Have you ever wondered what your favorite authors, speakers, pastors, and scholars are reading? What influences them? Which books do they re-read? Well, I hope to provide some insight here.

What’re They Reading? will make you privy to what’s being read by those you admire.trevinwax-1

I corresponded with Trevin Wax, an author, prolific blogger and managing editor of The Gospel Project, about what’s on his bedside table, influential biographies, and more.

What’s on your bedside table?

My bedside table holds G. K. Chesterton’s In Defense of Sanity, Ed Catmull and Amy Wallace’s Creativity, Inc., Dean Stroud’s Preaching in Hitler’s Shadow, Samuel Waje Kunhiyop’s African Christian Theology, Matt Perman’s What’s Best Next, and Joseph Loconte’s The Searchers.

What books do you regularly re-read and why?

I don’t re-read books regularly, but there are a handful that demanded my attention for a second run-through: C. S. Lewis’s Mere Christianity and The Chronicles of NarniaJ. Gresham Machen’s Christianity and Liberalism, Chesterton’s Orthodoxy, Augustine’s Confessions, Fyodor Dostoevsky’s The Brothers Karamazov, and N. T. Wright’s Simply Christian, Surprised by Hopeand After You Believe.

What biographies or autobiographies have most influenced you and why?

Eric Metaxas’s biography of Bonhoeffer – because of Bonhoeffer’s ability to understand the times he lived in and act accordingly. Calvin Miller’s Life is Mostly Edges is chock-full of wisdom and insight from a veteran pastor. Dale Ahlquist’s The Complete Thinker traces the main themes of Chesterton’s thought, which is more a summary of his belief than his biography, but it’s tremendous. And, Alister Chapman’s Godly Ambition helped me understand the brilliance, humility, and global ambition of John Stott.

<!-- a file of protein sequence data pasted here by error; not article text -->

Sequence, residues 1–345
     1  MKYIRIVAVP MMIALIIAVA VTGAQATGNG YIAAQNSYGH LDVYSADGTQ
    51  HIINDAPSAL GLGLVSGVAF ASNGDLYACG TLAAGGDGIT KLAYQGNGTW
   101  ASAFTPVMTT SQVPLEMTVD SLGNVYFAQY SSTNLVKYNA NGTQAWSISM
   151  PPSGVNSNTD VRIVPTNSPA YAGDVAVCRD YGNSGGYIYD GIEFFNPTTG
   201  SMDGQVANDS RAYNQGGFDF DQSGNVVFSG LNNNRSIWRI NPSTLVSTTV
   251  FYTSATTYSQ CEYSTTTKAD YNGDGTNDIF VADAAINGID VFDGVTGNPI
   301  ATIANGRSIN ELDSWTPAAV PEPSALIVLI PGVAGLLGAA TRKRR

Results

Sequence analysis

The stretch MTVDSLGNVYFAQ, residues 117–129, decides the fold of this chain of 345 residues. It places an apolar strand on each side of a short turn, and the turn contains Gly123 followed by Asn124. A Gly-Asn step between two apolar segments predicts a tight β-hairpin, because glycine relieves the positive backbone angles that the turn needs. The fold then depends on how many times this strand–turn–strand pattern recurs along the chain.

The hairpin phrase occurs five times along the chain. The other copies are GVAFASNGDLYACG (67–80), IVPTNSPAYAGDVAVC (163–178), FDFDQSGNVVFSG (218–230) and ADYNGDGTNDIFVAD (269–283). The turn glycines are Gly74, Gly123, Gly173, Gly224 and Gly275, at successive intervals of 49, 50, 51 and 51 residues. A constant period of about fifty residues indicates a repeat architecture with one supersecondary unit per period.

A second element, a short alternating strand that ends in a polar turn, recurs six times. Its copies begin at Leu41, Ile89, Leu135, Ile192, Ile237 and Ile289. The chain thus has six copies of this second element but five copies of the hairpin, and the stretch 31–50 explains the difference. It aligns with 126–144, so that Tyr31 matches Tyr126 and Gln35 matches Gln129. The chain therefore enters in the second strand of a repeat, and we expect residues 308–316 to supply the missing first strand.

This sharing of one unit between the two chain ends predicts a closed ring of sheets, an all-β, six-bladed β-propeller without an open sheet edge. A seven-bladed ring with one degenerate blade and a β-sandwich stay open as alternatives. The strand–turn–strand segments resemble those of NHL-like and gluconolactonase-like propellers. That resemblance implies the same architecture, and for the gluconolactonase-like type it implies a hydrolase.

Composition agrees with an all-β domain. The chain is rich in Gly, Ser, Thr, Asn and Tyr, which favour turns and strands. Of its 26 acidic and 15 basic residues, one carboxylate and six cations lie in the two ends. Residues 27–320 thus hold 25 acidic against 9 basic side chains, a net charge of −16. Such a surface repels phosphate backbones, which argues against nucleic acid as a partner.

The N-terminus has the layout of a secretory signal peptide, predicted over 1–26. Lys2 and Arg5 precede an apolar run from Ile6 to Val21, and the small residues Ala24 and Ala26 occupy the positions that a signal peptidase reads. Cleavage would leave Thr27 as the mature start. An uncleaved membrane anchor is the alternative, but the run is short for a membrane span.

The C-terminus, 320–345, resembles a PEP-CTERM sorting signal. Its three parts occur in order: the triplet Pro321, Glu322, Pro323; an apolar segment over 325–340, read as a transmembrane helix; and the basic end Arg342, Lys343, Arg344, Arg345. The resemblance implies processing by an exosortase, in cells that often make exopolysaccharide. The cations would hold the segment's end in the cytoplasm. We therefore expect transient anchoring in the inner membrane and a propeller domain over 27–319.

What are your favorite fiction books and why?

As far as classics go, Julie Rose’s translation of Les Miserables is one of my favorite books of all time – a beautiful picture of redemption and grace. I’ve also read The Brothers Karamazov multiple times (as noted above). I love its odd mix of philosophical reflection, drama, characters, and theme of redemptive suffering. The Chronicles of Narnia and Lord of the Rings are favorites in the fantasy genre, and I’m a latecomer to Hogwarts, but Rowling’s ability to create a fantasy world is a marvel to behold.


You can follow Trevin Wax on Twitter.


Also in the What’re They Reading? series: Michael Bird.